To support quality CHW program design and implementation, USAID, UNICEF, the Community Health Impact Coalition, and Initiatives Inc. have updated and adapted the Community Health Worker Assessment and Improvement Matrix (CHW AIM) Program Functionality Matrix tool. This tool can be applied at district, regional, and national levels to identify and close gaps in design and implementation and, ultimately, enhance program performance.
This resource from USAID and MCHIP provides an overview of large-scale CHW programs from 13 countries: Afghanistan, Bangladesh, Brazil, Ethiopia, India, Indonesia, Iran, Nepal, Niger, Pakistan, Rwanda, Zambia and Zimbabwe. Case studies address the historical context of CHWs, the health needs of the country, the scope of work of the CHWs, CHW training, support and supervision, and financing of CHW programs. The demonstrated impact and continuing challenges of the different programs are also addressed.
Community health workers (CHWs) have been proposed as a means for bridging gaps in healthcare delivery in rural communities. Recent CHW programmes have been shown to improve child and neonatal health outcomes, and it is increasingly being suggested that paid CHWs become an integral part of health systems. Remuneration of CHWs can potentially effect their motivation and focus. Broadly, programmes follow a social, monetary or mixed market approach to remuneration.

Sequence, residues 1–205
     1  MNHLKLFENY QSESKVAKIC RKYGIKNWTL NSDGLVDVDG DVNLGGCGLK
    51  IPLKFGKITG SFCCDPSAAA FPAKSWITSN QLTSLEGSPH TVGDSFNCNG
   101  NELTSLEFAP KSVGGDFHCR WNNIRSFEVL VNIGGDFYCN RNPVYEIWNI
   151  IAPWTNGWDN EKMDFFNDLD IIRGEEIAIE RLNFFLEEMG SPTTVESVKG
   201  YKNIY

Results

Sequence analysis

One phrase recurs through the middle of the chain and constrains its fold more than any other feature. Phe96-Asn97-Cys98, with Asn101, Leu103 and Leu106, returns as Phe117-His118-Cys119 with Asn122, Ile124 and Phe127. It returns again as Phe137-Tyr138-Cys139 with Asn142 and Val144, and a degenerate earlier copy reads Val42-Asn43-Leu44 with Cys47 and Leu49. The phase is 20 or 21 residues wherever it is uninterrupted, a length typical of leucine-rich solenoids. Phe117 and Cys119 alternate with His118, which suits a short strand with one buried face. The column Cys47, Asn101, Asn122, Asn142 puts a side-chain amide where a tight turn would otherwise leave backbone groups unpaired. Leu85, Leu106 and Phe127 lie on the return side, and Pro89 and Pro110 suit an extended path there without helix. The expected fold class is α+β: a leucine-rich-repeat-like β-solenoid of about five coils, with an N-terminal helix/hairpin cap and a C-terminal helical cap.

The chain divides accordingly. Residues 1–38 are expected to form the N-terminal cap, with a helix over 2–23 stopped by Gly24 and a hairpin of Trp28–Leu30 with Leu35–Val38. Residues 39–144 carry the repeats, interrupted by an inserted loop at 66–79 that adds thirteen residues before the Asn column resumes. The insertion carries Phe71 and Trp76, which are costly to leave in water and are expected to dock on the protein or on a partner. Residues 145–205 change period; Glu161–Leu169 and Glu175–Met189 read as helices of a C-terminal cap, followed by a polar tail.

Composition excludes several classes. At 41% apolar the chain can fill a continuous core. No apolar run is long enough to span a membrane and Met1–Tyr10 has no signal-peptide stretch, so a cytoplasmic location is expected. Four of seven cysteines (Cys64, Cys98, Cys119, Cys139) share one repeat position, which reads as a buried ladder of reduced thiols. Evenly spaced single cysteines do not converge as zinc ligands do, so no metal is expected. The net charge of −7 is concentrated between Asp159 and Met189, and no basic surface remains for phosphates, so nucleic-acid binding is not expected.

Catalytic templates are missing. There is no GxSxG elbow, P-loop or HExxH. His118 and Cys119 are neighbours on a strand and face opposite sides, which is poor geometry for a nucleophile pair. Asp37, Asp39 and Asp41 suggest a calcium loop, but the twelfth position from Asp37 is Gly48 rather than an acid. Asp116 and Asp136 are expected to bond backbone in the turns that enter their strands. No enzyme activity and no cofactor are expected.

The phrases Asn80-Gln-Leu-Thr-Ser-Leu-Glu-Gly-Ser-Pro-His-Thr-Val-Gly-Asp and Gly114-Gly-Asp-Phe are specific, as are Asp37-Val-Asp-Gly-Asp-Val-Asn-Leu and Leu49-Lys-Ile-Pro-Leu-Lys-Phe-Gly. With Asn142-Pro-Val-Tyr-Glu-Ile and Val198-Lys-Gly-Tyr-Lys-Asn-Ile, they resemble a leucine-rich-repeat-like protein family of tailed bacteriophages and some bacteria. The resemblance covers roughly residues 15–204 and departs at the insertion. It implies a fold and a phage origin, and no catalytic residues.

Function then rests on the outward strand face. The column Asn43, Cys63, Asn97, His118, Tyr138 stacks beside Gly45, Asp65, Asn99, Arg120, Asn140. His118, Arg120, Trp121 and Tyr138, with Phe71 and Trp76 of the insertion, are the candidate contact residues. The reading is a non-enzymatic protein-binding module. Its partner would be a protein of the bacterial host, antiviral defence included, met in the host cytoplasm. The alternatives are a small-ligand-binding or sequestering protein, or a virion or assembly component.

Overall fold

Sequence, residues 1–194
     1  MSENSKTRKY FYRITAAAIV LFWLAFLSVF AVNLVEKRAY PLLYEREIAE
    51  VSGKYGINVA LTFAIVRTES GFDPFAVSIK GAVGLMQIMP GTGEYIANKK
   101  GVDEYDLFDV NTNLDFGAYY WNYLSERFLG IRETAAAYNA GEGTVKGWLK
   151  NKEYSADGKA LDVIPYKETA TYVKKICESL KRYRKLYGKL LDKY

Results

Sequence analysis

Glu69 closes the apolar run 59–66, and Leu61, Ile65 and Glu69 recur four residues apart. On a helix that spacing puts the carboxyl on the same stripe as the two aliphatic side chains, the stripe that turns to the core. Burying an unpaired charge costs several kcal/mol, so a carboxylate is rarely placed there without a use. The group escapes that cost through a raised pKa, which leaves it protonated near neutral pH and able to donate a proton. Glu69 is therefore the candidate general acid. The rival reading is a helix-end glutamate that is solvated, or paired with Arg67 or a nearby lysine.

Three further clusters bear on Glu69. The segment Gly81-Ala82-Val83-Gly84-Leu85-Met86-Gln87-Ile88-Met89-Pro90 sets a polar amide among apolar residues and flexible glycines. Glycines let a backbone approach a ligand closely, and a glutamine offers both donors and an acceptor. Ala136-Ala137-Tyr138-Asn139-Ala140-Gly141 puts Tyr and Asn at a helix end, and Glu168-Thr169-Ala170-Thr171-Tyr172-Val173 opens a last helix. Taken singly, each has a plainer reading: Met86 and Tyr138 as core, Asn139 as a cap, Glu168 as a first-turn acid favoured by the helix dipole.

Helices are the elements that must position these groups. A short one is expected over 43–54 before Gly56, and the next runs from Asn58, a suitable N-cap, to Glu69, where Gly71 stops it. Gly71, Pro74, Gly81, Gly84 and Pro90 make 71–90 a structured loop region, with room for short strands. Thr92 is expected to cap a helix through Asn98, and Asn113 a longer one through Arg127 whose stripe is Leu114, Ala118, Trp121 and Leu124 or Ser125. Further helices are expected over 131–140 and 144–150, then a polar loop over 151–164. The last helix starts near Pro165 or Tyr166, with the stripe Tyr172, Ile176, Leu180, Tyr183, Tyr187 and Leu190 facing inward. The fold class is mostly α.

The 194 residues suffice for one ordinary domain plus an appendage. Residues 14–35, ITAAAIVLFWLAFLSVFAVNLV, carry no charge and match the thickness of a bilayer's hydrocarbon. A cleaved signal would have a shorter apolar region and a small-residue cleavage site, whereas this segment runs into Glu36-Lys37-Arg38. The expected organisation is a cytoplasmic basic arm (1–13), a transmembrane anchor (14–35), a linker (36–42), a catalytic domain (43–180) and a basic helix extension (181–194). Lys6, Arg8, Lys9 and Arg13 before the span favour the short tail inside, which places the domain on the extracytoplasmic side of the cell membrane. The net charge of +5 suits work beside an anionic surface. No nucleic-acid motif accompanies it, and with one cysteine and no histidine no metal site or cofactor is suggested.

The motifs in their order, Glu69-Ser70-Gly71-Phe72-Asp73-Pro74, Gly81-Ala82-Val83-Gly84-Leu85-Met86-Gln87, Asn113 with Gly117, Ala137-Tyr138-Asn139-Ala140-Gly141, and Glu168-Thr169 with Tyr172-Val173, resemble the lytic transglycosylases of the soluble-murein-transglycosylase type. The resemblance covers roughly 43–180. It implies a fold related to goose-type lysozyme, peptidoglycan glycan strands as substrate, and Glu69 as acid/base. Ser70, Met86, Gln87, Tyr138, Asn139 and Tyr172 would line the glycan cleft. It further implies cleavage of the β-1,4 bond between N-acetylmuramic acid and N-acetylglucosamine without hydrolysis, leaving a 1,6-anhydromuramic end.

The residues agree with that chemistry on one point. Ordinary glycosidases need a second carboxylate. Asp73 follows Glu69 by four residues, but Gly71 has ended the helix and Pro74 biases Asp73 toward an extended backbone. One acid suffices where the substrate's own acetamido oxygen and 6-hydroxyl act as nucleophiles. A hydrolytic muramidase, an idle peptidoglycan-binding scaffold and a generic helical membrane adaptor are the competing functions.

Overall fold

The role of Community Health Workers (CHWs) in improving access to basic healthcare services, and mobilising community actions on health is broadly recognised. The Primary Health Care (PHC) approach, identified in the Alma Ata conference in 1978, stressed the role of CHWs in addressing community health needs. Training of CHWs is key to developing knowledge and skills related to specific tasks and to increase CHWs’ capacity to communicate with and serve local people.
The activities of community health workers (CHWs) have been identified as key to improvements in the health of Iran's rural population. We explored the perceptions of CHWs regarding their contribution to rural health in Iran. Three research assistants familiar with the Iranian primary health care network conducted face-to-face interviews with CHWs in 18 provinces in Iran. Findings showed that Iranian CHWs have an in-depth understanding of health, including its social determinants, and are responsible for a wide range of activities.
This paper reviews recently published literature on community health worker programs, primarily focusing on maternal and newborn child health. Eighteen CHW programs and eleven relevant articles were included. It identifies key components of successful CHWs programs, reviews past successes and failures of CHW program implementation and summarizes important lessons learned.